For information on ticket sales, see the State Theater's website:

Stephen Burke
for Ithaca Blog

Friday, September 07, 2007

Summer Weekend Choices, Sept. 7 & 8

Labor Day passes, and the talk in the media is about summer being over, and stores start displaying candy and pumpkins. Meanwhile, there are still weeks of official summer, and then there will be unofficial ones, and today it is 92 degrees.

There is no sanctioned swimming at the state parks after Labor Day, when lifeguards are dismissed. The parking lot people are still there, though, on the weekends, to take the same $6 fee from you as when they are full-serve. That will burn your burgers, won't it?

But the state parks are a luxury you can afford, as they say, and if, when I lived in the concrete city, you told me I could fill a car with friends, and for six bucks total, go to a beautiful lake and swim stealthily and picnic and enjoy natural splendors ten miles from my house, I would have liked that very nicely.

You can do that, this weekend, and if you do, you might see me.

But, at night:

Friday, 9/7: John Brown's Body, with Dub is a Weapon, at Castaways, 8 p.m.

Pete Panek and the Rockers, at 8 p.m. at the Lehigh Valley House - an unusual venue. Also, can Pete be the first guy to think of calling his band, simply, the Rockers? If so, nice going, Pete.

Saturday, 9/8: Shelly King, Kevin Kinsella, and the Sim Redmond Band at the Ithaca Brew Fest in Stewart Park, 4 p.m.-8 p.m. See details in yesterday's Ithaca Blog posting.

J-san and the Analogue Sons, the Chapter House, 10 p.m.

Watch out for the parkies -
Steve Burke
for Ithaca Blog

Thursday, September 06, 2007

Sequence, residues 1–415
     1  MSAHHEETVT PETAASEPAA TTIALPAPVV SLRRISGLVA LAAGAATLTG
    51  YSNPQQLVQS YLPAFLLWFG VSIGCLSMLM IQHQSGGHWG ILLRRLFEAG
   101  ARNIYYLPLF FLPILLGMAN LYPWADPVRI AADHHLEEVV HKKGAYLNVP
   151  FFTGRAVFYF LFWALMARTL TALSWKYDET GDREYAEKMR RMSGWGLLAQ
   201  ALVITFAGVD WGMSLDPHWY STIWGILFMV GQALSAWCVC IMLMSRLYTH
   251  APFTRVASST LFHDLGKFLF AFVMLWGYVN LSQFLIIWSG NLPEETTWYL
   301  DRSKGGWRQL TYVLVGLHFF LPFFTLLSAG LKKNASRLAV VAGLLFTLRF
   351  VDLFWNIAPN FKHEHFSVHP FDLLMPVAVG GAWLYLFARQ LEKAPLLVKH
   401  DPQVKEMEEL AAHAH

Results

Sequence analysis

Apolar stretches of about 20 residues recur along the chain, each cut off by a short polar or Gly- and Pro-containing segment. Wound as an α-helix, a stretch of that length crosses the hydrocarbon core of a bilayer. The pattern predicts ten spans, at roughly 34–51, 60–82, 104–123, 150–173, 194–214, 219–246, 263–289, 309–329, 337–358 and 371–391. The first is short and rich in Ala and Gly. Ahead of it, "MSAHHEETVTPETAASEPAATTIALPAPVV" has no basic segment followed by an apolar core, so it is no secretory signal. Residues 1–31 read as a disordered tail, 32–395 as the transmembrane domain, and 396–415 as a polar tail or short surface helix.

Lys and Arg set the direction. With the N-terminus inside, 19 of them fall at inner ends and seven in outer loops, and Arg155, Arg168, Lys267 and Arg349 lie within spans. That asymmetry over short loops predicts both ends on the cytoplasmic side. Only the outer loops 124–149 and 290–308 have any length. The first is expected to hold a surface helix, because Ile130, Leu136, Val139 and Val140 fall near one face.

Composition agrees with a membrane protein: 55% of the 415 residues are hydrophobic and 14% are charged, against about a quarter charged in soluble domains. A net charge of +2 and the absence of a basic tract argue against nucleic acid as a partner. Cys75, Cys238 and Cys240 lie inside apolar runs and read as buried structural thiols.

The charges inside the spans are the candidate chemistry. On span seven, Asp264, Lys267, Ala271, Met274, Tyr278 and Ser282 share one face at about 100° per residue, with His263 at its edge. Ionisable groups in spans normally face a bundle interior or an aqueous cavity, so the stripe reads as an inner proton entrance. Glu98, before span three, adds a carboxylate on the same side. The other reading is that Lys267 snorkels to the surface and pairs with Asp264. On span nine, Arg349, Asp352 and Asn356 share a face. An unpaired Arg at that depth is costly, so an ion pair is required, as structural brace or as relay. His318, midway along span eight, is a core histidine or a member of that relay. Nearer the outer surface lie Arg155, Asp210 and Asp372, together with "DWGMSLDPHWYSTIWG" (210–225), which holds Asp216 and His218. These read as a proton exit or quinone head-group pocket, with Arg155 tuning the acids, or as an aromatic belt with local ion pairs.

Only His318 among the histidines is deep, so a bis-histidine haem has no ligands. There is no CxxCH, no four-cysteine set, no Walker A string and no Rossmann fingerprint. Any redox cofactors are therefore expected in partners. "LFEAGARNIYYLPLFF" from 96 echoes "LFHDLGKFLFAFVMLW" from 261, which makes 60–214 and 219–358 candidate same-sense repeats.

Brewers' Art at Stewart Park: First Annual Ithaca Brew Fest

Last June, a new Ithaca resident at her first Ithaca Festival told us she couldn't get over the number of people having fun without drinking.

"In New York, you never see this many people at one time without drinking," she said.

So how much fun can one expect at a public event in Ithaca that centrally features beer?

You can find out this Saturday, 8 September, at the first annual Ithaca Brew Fest, at Stewart Park, from 4 to 8 p.m.

The Brew Fest has 30 regional breweries offering samples of their drinks (and, one guesses, six-packs to go). The Ithaca Beer Company is a participant and sponsor.

Other well-known participants include Brooklyn Brewery, Cooperstown Brewery, Magic Hat of Burlington, Roosterfish Brewery of Watkins Glen, and Saranac.

Entertainment is provided by Kevin Kinsella, the Sim Redmond Band, and Shelley King, the first woman ever named the Official State Musician of Texas.

Tickets are $25 in advance, available at Ithaca Beer Company, or $30 at the gate. "Designated driver" tickets for non-drinkers are $10.

The event is sanctioned by the New York State Brewers Association, and sponsored by the Ithaca/Tompkins County Convention and Visitors Bureau. The Ramada Inn is offering a special Brew Fest package of a room, 2 tickets to the Brew Fest, and Sunday brunch for $139.

For more information, see

Steve Burke
for Ithaca Grog

Sunday, September 02, 2007

Surprise Small World Music Review

We write a lot of reviews and publicity at Ithaca Blog, from our desk here at Small World Music, and each of our enterprises here get their share of publicity, too. We saw a brief one recently that we liked particularly (we like brevity, generally), from an on-line guide called Judy's Book.

Small World Music is a bit hard to find, but definitely worth the look. This small space is big in the eclectic quality of selection, especially in the rock, jazz, and blues genres. We've usually managed to find what we want. If what we want isn't in stock, Steve, the owner, will order it. He also gives excellent suggestions for alternatives if you need a gift RIGHT NOW. Often you'll come out of Small World Music with something a bit more interesting. Small World Music also carries used CDs.

Thanks from us at Small World Music to the anonymous author.

Steve Burke
Small World Music and Ithaca Blog